To many, project managers, making a communications plan for your projects seems superfluous. We all know how to communicate with each other, and everyone on the project is likely already on the same page about using e-mails or a Slack channel to touch base on progress. How could having a predetermined communications plan – deliberately strategized with tracking metrics and all – transform your management process and serve to make your life easier as a PM?
If you take a moment to think about it, your communication strategy (or lack thereof) has probably already affected your projects detrimentally. If you were to ask all of your clients’ opinions of your e-mail correspondence, would all of them have glowing praise to offer? Likely not – some might find it inconvenient, inefficient, or otherwise bothersome, especially if you’re the odd one out of a group that normally meets together in person. To them, you may as well be communicating by snail mail. Being cognizant of how your communication strategy affects your projects is a consideration so often overlooked, you’ve probably never considered it. Let’s change that.
In this article, we’re going to explore the broader aspects of effective communication, and I’m going to give you a simple plan to create a sure-fire project management communications strategy which will help you become more effective as a PM, while “wowing” your clients in the process.
Think Outside of the Box
E-mails. Chat messages. Conference calls. Zoom meetings. Writing tickets. As a PM, this is your wheelhouse. If it works, don’t fix it – right? Wrong - limiting to these preferred methods misses the point of effective communication entirely, opening the door for any number of problems to arise.
The exchange of information between humans involves many individual components, each modifying the recipient’s understanding of the meaning. Written words in an email lack the inflection, cadence, emotion, and tone of spoken words. Spoken words lack the visible expressions and gestures when makes when explaining something. The lesser forms of communication, like written words in an e-mail or chat message, are cueless – that is, they lack an opportunity for the reader to infer greater meaning from the information. With written communication, what you see is what you get.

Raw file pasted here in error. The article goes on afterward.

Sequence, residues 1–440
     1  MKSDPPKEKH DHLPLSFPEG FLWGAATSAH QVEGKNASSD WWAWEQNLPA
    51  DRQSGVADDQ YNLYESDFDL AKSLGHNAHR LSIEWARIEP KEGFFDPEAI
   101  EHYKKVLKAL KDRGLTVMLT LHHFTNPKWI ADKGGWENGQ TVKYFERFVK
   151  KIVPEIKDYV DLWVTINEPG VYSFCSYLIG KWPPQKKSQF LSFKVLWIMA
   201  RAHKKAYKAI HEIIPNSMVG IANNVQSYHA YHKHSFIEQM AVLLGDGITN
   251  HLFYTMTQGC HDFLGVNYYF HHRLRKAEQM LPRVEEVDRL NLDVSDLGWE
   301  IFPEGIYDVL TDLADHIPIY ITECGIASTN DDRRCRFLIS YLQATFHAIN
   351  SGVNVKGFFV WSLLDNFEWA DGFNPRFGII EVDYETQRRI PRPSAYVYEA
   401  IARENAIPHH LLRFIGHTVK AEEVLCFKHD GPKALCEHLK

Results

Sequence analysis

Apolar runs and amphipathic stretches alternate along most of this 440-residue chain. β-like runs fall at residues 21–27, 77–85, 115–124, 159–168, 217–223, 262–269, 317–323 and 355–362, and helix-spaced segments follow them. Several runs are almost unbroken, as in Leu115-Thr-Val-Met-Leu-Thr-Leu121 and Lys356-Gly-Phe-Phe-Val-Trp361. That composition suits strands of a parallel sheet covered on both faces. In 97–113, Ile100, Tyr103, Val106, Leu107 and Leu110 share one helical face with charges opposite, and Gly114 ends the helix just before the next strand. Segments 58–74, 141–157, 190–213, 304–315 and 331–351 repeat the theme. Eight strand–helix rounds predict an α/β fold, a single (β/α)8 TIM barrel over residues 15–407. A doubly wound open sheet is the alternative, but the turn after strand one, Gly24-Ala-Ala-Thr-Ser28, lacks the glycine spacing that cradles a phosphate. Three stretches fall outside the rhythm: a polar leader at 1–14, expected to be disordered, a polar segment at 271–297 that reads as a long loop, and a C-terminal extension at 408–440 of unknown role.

Consider the specific tendencies of every stakeholder and resource on your project – maybe your client isn’t great at specifying their needs over email, but could paint an exact picture of what they require with a dry-erase marker and a whiteboard. You’d be remiss to not make note of this and modify your strategy of communication with them; limiting your communication to e-mails is asking for frustration and inefficiency.
Communication is a constant and fluid element to consider in your projects. If one of your company officers is on vacation during a board meeting and misses key details of an interruption to your project’s progress, you have to be sure to follow-up with them and bring them up to speed. Otherwise, you will be blindsiding them when the issue is mentioned at the next meeting, and it could appear to them you’ve lost control of the situation. A piece of information given out of context can be misinterpreted, and the worst assumed. You have to ensure every stakeholder is apprised of context at every stage – keep everyone on the same page so surprises don’t happen.
In part two of this series, we’ll talk about how to organize and execute an effective communications plan.